Bordered by the Pacific Ocean and contiguous with both Muir Woods and Mt. Tamalpais State Park, the GGNRA boasts the finest network of running trails and stunning views in the Bay Area.  As such I could easily have pulled any five of them for this list, but instead decided to focus on my favorite, the Marincello Trail.  Beginning by the Miwok Livery Stables at Tennessee Valley, the well-maintained Marincello is right in the heart of the action here, as it stands at the nexus of several other popular running trails.  Professionally organized races in the GGNRA often include the Marincello for its uphill challenge and for the simple fact that its strategic positioning makes it difficult to avoid. Among them is one of my favorite Bay Area racing events, The North Face Endurance Challenge Championship.

Thanks to the coastal fog, sometimes there’s nothing to see on the GGNRA trails but your next step.

The Marincello demands a steady and dogged persistence, which doesn’t seem to deter the other runners, cyclists and even deer that I often meet on the way up.  During long training runs or races in the GGNRA, the Marincello’s challenge is amplified by the physical and mental energy expended in switching back to an uphill mindset after coasting downhill for several minutes.  However, being on the Marincello always seems to put me in a good mood.  And the panoramic aerial vistas of Marin City and Richardson Bay that greet me at the top don’t hurt that mood one bit.

2. The “Separator” hill on the fire trail above UC Berkeley
(total ascent 150ft over 0.1 miles)
Presumably named because it separates the upper and lower fire trails, the Separator’s name might just as easily derive from the fact that it separates the men from the boys, the women from the girls, and the champs from the chumps. Okay so maybe that’s some false machismo, but anyone who’s run it will tell you the Separator deserves its rightful spot on this list, despite being only a tenth of a mile long.  Footing on this usually dusty hill always seems difficult, and two “speed bumps” along the way add to its swagger and help you gauge your progress without having to look up from your shoetops.

Occasionally I’ll run repeats on the Separator as a training workout, and though this might seem counterintuitive, I find that the initial ascent is always more strenuous than the next few repeats.  I now use this understanding that “the first is the worst” to make Separator repeats more palatable, though of course this philosophy breaks down after about 5 repeats.  Ten is my current PR for continuous repeats without stopping… after hitting double-digits I decided not to further provoke the low-level, Separator-induced ache that threatened to spread through my groin and abdomen.

View of SF Bay from Berkeley Fire Trail

The “Separator” also separates sedentary types from this dramatic vista of the Berkeley campus & marina.

3. Live Oak/Towhee Trail in Lake Chabot Regional ParkCastro Valley
(total ascent ~670ft over 1.2 miles)
The Live Oak/Towhee Trail flexes its muscle as the wickedest section of the trail system that circumnavigates Lake Chabot.  It was also responsible for the quote – whooped out cheerily by a fellow runner during last year’s Brazen Bad Bass half marathon – that introduces my previous blog post.  For some reason I always seem to forgot how hilly the Lake Chabot course can be (denial?), and the Live Oak/Towhee Trail is always there to offer a graphic reminder.  On the plus side the trail is shaded… but it is steep and it is dusty, and if you subscribe to schadenfreude I’d suggest running it as part of a race.  Then at least you’ll be able to take some solace in the fact that your misery has plenty of company.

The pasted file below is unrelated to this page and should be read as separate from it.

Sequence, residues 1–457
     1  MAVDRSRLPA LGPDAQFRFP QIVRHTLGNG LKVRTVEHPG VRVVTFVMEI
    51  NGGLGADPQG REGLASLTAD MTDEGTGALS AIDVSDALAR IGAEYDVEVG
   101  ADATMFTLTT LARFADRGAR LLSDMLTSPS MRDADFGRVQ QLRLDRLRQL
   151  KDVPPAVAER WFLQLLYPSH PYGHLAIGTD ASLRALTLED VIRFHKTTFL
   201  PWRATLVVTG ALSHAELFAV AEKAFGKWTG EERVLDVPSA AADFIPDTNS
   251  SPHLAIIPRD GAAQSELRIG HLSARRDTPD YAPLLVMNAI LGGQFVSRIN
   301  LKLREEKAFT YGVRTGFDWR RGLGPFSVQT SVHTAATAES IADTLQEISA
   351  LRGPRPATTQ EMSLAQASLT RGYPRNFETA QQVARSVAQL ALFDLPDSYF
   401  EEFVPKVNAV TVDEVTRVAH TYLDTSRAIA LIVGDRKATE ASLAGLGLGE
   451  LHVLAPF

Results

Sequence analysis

Don’t believe me? Feel free to get a second opinion… I’d recommend Jen’s recent experience at the Lake Chabot Trail Challenge.

4. Mount Diablo State Park, spanning Clayton, Danville and Walnut Creek
What more can I say that I haven’t already expounded on here?  Mount Diablo is the all-terrain, sun-scorched, rattlesnake-strewn crown jewel of the East Bay running scene.  Pick a trail, any trail in the park – Miwok, Highland Ridge, Oyster Point, Stage Road – and some section of it will likely require that you dig in your heels and grind up a steep ascent.  Between punishing hills and seemingly year-round heat, Diablo is the local trail running equivalent of Bane, Batman’s nemesis in “The Dark Knight Rises”: you may eventually come out on top, but along the way it may just break your back.

5. Coastal Trail in the Marin Headlands/Golden Gate National Recreation Area
Okay, so I couldn’t help myself… I had to include one more trail in the Marin Headlands, especially one with a name that promises (and delivers) so much.  Many detailed descriptions of the Coastal Trail can be found online, accompanied by eye-popping photographs.  In fact, if you’re unable to take a picturesque photo from the Coastal Trail in less than two tries, you probably shouldn’t be using a camera.

Golden Gate Bridge from Marin Headlands

Actually, I didn’t write this post just so I could use this photo, taken during a run in the Marin Headlands.